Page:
International Conference on Alzheimerʼs Disease & Associated Disorders
May 7-9, 2018 Rome, Italy
The Functional Ramifications of TREM2 Variants in Human Induced Pluripotent Stem Cell Derived Microglia-like Cells
University College London Institute of Neurology, United Kingdom
The dysfunction of microglia, the brainʼs immune cells, is linked to dementia. Heterozygous variants in the gene Triggering Receptor Expressed on Myeloid Cells (TREM2) are associated with late-onset Alzheimerʼs disease, whilst homozygous variants cause Nasu-Hakola disease (NHD), an early-onset dementia. Here, we generated induced pluripotent stem cell-derived microglia-like cells (iPSC-MGLC) from patients with NHD caused by a homozygous T66M or W50C variant in the TREM2 gene, unaffected T66M heterozygous relatives and controls. Human iPSC-MGLC expressed microglial markers, and expressed and secreted TREM2. TREM2 expression and secretion were reduced in TREM2 variant iPSC-MGLC, which also exhibited impaired phagocytosis of apoptotic neuronal cells, but not other substrates. Cytokine secretion was unaffected. Taken together, these findings highlight the ramifications of TREM2 variants in robust human models of microglia.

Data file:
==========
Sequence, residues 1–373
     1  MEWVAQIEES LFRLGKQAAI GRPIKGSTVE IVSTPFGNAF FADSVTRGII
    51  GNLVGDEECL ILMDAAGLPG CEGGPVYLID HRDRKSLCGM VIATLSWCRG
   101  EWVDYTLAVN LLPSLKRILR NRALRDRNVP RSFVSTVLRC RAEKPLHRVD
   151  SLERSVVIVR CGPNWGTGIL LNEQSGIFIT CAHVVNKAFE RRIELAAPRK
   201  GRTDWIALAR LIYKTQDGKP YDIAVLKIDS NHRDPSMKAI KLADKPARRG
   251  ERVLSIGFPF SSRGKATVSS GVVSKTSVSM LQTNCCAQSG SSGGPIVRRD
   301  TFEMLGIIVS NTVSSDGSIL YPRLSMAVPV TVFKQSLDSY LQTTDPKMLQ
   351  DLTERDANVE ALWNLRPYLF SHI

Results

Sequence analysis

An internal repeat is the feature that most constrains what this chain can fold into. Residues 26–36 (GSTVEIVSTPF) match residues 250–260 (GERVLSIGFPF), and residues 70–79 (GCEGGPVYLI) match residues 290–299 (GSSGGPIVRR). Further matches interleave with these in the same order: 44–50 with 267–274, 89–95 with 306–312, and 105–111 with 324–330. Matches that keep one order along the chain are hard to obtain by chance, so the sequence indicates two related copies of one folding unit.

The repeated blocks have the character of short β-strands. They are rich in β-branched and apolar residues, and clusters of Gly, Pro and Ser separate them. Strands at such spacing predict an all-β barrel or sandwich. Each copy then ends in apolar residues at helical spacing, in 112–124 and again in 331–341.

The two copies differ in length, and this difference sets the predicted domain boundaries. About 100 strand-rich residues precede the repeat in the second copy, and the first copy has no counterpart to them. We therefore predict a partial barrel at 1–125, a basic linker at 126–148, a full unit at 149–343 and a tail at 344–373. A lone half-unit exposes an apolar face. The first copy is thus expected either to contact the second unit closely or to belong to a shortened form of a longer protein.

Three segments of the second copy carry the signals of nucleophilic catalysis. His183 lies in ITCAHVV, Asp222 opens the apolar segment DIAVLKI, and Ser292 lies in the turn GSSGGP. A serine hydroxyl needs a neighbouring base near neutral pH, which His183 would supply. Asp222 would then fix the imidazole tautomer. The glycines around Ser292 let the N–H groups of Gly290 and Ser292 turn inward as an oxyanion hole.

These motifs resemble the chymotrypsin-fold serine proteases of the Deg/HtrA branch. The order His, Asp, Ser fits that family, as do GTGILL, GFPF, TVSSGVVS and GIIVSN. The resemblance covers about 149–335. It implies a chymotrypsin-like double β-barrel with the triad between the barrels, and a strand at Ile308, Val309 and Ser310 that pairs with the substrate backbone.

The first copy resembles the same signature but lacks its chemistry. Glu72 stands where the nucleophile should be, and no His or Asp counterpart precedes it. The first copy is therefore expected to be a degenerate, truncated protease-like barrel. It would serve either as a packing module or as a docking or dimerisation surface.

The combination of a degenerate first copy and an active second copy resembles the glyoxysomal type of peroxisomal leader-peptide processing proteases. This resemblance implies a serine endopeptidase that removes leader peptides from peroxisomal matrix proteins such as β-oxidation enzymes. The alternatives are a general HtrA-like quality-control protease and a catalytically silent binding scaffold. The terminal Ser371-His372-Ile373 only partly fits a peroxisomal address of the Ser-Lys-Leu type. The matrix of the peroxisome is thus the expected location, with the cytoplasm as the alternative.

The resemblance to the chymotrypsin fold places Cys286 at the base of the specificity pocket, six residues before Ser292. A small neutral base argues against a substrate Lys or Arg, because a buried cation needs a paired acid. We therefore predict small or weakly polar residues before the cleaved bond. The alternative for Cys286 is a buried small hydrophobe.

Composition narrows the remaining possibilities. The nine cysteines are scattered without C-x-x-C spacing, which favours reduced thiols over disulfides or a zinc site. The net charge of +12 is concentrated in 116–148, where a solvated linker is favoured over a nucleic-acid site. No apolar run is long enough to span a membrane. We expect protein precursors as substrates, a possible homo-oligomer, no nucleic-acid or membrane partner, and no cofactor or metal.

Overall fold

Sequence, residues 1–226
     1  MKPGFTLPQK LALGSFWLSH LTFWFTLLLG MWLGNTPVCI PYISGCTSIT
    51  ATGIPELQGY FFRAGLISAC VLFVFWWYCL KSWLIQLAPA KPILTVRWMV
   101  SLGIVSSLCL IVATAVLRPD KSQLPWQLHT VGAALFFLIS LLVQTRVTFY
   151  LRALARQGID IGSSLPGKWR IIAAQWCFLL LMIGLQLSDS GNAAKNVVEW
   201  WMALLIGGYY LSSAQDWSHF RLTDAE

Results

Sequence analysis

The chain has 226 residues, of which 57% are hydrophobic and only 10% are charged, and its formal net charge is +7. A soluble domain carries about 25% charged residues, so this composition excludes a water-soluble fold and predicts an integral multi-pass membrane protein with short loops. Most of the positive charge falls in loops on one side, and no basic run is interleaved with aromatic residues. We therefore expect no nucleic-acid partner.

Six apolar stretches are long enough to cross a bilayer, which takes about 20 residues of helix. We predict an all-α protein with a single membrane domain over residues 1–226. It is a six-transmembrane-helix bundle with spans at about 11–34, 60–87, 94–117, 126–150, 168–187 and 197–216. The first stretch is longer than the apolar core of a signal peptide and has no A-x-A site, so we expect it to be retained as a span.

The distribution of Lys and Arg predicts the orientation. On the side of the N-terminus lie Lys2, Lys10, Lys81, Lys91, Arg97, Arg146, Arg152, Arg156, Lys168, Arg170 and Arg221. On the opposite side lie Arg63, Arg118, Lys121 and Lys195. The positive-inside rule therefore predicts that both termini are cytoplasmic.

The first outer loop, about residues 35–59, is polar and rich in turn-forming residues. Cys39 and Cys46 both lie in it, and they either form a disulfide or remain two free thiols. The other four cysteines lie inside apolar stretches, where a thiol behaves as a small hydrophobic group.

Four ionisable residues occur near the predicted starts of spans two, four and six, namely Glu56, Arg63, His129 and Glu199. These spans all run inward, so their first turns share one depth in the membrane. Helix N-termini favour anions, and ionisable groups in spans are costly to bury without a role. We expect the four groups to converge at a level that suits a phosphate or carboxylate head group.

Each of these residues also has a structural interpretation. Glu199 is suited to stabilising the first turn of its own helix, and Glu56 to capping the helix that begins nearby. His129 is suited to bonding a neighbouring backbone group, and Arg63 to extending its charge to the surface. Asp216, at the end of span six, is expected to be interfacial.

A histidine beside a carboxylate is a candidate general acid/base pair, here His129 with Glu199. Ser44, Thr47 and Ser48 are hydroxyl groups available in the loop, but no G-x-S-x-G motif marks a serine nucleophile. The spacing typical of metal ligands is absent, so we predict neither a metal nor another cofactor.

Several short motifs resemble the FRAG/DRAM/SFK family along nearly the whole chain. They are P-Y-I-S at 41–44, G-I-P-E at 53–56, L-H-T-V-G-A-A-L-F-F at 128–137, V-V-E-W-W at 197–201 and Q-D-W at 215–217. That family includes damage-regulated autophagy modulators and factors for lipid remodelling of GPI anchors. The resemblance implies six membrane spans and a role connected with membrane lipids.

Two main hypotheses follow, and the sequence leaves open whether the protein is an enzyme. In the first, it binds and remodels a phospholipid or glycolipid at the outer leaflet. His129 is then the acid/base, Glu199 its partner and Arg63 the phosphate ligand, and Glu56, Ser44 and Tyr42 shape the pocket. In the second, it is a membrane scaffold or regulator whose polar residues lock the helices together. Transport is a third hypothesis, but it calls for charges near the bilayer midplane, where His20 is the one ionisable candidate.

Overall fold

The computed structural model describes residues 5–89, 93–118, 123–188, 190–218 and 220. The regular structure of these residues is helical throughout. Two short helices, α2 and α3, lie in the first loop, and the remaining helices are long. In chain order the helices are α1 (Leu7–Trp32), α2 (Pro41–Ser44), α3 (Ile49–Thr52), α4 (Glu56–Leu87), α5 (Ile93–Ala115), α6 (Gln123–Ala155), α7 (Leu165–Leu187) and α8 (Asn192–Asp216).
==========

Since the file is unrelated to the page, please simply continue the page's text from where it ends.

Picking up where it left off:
Jennifer Pocock hold a degree in Applied Biology (1st class, specializing in Cell Biology, Biochemistry and Physiology) and a PhD in Neurophysiology. She had undertaken postdoctoral research at the University of Dundee, Scotland, UK and the University of California, USA. She is currently a Senior Lecturer in the Department of Neuroinflammation, University College London Institute of Neurology, London, UK. His research focus is to understand the role of inflammatory particularly microglia, the immune cell of the brain, in disease progression, especially in Alzheimerʼs Disease. His laboratory is currently using human fibroblast derived iPSCs expressing mutations in the TREM2 receptor, linked to Alzheimerʼs disease (R47H), Nasu Hakola disease (T66M, W50C) as well as CRISPR edited BV2 microglia for TREM2 KD and KO with which we are investigating signalling pathway deviations from control common variant cells.